It has a vertical bearing, with a ribbed structure but with larger and less numerous ribs than the Saguaro.

It is a thorny cactus of intense green with a very good appearance if you are fond of xerophytic gardens.

THE CHEMISTRY OF THE SAN PEDRO CACTUS

And here we come to the part of the shamans. Mescaline is the hallucinogenic substance that abounds in this cactus, in all its parts, its such, its flowers, its fruits, all of it has significant concentrations of mescaline. The fruits are in fact edible but with the hallucinogenic effect incorporated. We do not recommend it as a daily dessert after meals.

WHAT ARE THE EFFECTS OF MESCALINE?

Like all hallucinogenic alkaloids it is dangerous but it is less strong than LSD for example. Mescaline is also found in peyote and mezcal, from which a very rich Mexican alcoholic drink is made (similar to tequila) but with a much more intense flavor, improved aroma and some other effects that do not come from alcohol.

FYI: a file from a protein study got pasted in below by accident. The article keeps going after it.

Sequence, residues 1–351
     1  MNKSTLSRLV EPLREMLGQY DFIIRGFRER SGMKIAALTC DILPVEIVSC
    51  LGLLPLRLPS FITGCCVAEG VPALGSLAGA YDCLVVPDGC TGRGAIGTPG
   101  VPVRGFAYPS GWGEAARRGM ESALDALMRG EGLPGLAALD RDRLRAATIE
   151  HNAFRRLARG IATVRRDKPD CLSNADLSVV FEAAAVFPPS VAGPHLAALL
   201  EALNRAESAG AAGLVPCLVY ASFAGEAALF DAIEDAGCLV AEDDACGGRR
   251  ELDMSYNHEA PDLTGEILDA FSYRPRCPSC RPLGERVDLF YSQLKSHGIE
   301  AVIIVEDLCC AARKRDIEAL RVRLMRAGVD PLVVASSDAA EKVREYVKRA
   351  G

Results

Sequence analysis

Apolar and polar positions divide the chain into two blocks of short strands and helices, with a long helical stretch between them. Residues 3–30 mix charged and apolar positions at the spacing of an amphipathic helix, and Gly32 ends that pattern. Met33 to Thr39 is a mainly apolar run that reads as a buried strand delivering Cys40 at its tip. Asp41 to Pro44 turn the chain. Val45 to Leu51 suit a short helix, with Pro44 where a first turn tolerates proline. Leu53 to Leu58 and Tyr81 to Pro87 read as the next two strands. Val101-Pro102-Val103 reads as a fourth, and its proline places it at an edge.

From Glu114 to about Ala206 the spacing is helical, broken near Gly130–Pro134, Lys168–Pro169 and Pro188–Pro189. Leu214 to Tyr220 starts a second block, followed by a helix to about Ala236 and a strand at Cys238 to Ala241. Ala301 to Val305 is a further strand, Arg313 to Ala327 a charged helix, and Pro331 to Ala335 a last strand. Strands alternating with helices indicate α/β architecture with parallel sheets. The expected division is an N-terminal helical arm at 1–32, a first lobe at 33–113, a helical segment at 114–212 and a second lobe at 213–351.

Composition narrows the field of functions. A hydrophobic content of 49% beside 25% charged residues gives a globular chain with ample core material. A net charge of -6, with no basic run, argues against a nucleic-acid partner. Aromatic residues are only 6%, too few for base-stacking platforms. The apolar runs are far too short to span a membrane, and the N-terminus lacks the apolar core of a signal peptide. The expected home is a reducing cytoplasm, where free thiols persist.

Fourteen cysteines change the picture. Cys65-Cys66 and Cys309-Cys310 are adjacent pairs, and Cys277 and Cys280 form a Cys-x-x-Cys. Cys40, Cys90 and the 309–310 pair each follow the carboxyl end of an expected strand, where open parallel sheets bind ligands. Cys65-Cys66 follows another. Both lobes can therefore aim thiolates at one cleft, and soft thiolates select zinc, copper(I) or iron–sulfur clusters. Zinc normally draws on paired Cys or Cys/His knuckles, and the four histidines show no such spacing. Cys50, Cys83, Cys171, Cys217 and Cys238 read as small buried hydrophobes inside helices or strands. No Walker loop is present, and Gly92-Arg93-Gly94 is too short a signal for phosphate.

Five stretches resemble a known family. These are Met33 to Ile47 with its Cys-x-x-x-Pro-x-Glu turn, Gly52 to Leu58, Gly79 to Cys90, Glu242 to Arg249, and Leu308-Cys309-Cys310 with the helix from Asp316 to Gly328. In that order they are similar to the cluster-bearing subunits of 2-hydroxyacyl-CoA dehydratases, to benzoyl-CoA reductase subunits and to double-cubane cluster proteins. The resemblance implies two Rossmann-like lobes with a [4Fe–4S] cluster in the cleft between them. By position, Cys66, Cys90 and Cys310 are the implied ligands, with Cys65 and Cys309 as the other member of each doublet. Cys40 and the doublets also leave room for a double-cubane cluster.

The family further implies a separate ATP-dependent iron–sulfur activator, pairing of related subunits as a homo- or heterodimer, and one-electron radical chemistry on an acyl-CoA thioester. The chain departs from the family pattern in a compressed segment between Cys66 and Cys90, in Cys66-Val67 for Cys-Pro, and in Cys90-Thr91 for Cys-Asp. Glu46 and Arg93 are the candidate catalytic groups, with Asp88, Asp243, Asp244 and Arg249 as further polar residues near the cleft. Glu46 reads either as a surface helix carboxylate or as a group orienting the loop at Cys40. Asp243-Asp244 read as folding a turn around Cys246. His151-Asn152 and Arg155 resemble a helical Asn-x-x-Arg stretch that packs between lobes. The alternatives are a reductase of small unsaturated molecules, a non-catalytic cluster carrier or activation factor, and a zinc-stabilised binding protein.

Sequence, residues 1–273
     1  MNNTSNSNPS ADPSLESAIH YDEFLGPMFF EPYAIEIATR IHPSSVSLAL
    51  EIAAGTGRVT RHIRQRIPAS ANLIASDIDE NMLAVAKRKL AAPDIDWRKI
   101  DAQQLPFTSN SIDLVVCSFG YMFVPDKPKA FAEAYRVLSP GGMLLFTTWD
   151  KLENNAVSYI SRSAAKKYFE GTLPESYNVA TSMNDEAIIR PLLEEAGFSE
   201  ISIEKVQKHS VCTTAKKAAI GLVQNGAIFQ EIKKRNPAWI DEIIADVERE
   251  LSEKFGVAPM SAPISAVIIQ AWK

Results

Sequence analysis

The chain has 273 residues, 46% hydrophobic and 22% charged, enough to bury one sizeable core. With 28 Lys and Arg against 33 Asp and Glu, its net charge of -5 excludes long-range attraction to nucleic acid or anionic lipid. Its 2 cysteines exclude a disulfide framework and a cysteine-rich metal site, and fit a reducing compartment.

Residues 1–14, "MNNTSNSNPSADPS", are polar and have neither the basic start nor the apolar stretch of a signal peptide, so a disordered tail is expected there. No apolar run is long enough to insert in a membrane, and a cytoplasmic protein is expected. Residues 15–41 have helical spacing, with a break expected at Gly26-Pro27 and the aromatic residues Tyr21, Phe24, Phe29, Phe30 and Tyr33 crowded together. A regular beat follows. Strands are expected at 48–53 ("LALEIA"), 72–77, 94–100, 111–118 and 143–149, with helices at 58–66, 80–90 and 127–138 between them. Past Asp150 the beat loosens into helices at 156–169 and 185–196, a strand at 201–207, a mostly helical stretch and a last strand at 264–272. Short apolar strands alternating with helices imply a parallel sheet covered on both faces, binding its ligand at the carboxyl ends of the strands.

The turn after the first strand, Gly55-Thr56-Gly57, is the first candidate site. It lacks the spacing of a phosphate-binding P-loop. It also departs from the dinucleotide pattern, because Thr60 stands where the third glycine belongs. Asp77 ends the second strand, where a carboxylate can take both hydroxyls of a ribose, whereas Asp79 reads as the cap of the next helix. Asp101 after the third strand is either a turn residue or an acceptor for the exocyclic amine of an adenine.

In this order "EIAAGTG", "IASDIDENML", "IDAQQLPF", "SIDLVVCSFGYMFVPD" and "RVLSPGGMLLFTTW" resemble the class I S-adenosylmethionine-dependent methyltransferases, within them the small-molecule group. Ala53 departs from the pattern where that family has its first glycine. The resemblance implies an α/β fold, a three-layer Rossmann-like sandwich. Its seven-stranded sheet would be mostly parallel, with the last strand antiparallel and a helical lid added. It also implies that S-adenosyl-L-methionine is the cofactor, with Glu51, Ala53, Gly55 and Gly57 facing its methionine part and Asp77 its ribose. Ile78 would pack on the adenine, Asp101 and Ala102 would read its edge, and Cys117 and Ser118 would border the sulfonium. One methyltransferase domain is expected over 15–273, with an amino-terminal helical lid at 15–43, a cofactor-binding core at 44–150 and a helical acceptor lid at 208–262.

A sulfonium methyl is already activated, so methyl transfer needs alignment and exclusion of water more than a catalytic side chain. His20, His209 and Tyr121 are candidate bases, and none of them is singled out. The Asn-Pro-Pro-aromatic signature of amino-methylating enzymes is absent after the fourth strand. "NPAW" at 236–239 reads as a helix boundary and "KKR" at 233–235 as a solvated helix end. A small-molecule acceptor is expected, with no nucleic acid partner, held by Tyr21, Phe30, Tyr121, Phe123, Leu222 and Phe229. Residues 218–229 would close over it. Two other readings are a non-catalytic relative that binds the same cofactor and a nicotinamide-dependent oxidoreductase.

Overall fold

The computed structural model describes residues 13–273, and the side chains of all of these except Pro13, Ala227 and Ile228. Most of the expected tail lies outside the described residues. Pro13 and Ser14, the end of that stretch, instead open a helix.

Mescaline takes time to work . Once ingested, symptoms may occur between 30 minutes and 1.5 hours later. Then, the effect is very long-lasting in the body, being present for 8-12 hours and even in cases up to 24 .

The effects of this compound can come from vomiting, nausea as the most common to blurred vision, hallucinations, lack of coordination, dilation of the pupils, alterations in the perception of space. And then disproportionate emotional reactions can come and without anything that causes them such as anxiety, tachycardia, panic, or quite the opposite, an exaggerated euphoria, aggressive behaviors, psychotic attacks … All this is what is called a bad trip.